photo of person sitting at table with laptop computerComputerized physician order entry (CPOE) systems allow doctors to electronically prescribe medications. Not only do these systems eliminate mistakes associated with doctors’ notoriously bad handwriting, the systems detect errors as doctors enter orders. How? The orders are automatically checked for potential errors or problems, based on integrated patient information, including information on lab results, allergies, and medications currently taken by the patient.

Specific benefits of CPOE systems include:

  • The doctor receives a warning when there is a possibility of a drug interaction, allergy or overdose.
  • CPOE systems contain drug-specific information that eliminates confusion among drugs with similar names.
  • Accurate, current information helps doctors keep up with new drugs.
  • Improved communication between physicians and pharmacists.
  • A reduction in healthcare costs.
How much can CPOE systems help?

According to a report by The Leapfrog Group, many studies have shown significant reductions in errors with the use of CPOE systems. Researchers estimate that using CPOE systems at all non-rural U.S. hospitals could prevent 3 million adverse drug events each year. Further evidence that CPOE systems can help reduce medication errors:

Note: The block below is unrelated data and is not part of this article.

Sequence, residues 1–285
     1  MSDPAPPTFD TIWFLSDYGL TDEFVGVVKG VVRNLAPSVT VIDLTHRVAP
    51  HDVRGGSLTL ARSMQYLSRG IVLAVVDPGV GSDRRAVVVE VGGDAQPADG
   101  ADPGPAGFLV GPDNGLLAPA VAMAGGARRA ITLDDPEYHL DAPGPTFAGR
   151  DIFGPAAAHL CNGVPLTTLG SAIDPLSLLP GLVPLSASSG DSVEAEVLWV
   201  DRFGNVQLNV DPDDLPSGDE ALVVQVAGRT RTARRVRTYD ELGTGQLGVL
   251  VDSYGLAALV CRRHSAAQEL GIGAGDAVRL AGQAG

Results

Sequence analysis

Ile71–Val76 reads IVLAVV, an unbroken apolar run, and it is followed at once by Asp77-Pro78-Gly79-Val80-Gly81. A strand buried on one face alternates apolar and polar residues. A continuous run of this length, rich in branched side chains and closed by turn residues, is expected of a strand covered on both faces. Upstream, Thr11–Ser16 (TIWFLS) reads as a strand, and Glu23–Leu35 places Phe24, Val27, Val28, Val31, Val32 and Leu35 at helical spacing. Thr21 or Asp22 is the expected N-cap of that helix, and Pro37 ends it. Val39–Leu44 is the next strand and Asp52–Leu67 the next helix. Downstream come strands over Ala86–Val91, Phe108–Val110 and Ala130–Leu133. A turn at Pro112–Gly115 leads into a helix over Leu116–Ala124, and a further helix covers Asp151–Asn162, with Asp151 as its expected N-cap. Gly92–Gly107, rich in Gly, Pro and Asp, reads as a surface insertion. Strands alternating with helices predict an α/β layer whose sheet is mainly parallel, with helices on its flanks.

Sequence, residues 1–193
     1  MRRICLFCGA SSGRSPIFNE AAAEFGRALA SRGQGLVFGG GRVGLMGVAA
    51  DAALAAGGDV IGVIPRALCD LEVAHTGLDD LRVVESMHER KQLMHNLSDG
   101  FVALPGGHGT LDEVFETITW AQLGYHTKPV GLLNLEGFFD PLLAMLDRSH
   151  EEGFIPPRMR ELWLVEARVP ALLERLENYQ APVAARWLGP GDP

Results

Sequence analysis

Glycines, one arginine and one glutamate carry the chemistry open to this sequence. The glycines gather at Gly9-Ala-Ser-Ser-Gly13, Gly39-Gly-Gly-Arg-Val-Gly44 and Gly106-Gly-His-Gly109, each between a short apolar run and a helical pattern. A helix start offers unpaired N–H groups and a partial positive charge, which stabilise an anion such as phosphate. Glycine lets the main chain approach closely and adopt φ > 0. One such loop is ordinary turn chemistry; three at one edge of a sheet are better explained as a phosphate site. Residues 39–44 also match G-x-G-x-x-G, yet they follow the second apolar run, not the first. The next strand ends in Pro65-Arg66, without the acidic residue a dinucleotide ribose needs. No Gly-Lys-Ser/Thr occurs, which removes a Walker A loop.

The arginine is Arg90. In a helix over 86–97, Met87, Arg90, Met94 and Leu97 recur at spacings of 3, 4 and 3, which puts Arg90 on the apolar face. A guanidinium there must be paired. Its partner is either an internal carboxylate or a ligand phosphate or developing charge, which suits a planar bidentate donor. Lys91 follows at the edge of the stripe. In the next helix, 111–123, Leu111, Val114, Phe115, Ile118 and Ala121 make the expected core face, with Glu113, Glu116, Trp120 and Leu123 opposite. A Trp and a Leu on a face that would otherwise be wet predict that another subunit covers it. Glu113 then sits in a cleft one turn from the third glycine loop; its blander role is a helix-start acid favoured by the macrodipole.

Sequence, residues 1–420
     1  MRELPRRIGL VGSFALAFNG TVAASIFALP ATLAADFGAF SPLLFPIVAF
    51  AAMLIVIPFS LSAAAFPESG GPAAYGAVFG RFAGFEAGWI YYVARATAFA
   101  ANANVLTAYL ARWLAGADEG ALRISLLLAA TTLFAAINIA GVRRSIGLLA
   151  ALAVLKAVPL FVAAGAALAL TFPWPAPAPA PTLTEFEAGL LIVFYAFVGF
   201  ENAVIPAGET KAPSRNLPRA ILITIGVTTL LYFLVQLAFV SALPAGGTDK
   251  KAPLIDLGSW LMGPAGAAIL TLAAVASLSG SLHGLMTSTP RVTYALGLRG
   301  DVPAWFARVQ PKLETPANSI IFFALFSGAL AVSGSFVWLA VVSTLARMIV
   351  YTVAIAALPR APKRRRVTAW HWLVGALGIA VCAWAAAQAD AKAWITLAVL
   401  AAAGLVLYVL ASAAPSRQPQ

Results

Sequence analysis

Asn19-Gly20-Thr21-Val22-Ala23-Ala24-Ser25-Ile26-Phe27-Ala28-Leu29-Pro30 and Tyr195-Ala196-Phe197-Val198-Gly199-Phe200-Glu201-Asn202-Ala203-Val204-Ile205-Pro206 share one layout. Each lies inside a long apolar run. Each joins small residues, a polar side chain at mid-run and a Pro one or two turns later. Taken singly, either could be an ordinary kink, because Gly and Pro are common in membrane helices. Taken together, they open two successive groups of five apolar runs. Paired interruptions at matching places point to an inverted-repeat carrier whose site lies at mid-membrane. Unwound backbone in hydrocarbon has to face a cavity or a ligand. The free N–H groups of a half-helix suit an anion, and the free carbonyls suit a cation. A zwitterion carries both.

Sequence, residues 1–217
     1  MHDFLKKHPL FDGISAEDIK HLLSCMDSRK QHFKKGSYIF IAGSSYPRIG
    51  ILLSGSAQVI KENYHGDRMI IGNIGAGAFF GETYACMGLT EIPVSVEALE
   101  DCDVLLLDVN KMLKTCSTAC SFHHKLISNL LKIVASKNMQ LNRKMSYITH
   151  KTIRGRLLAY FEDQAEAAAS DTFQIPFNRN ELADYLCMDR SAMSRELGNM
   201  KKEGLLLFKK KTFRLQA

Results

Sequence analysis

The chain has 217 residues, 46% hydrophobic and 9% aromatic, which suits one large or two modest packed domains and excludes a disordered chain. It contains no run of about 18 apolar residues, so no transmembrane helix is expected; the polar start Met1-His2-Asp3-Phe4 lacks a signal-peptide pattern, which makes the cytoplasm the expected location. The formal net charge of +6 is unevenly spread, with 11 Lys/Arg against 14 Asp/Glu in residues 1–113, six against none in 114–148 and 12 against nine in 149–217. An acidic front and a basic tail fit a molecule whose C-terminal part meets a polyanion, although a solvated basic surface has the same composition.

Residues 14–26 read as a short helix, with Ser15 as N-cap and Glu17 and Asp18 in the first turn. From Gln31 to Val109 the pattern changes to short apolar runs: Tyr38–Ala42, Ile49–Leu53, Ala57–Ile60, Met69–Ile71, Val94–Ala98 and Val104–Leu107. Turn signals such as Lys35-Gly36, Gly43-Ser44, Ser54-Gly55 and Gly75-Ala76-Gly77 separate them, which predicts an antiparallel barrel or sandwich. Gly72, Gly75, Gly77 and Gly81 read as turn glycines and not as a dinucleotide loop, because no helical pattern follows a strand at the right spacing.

• A study at Boston’s Brigham and Women’s Hospital found that CPOE systems reduced error rates by 55%. A subsequent study by the same group found that serious medication errors fell by 88%.
  • Another study conducted at Salt Lake City’s LDS Hospital showed a 70% reduction in antibiotic-related adverse drug events after implementing a decision support tool for antibiotics.

Furthermore, researchers conducted a systematic literature review and concluded that processing medication orders through a CPOE system decreases the likelihood of error on an order by 48%. Interestingly, the authors note that it is unclear whether this translates to a reduction in patient harm. But, in my opinion, it’s hard to imagine that less errors would not lead to less patient harm.

Electronic ordering systems are not perfect!

Although CPOE systems are very helpful, they are not perfect. These systems are designed to electronically alert a doctor if there is a potential problem in a medication order, such as possible dangerous interactions. The computer algorithms that detect potential issues are only as good as the data behind them. And that is a problem. One-third of respondents to a recent survey of members of the American Society of Clinical Psychopharmacology think their e-prescribing system has given erroneous warning information. And 1/3 of those doctors stated the alerts were inaccurate 50% or more of the time.

Does your hospital use a CPOE system?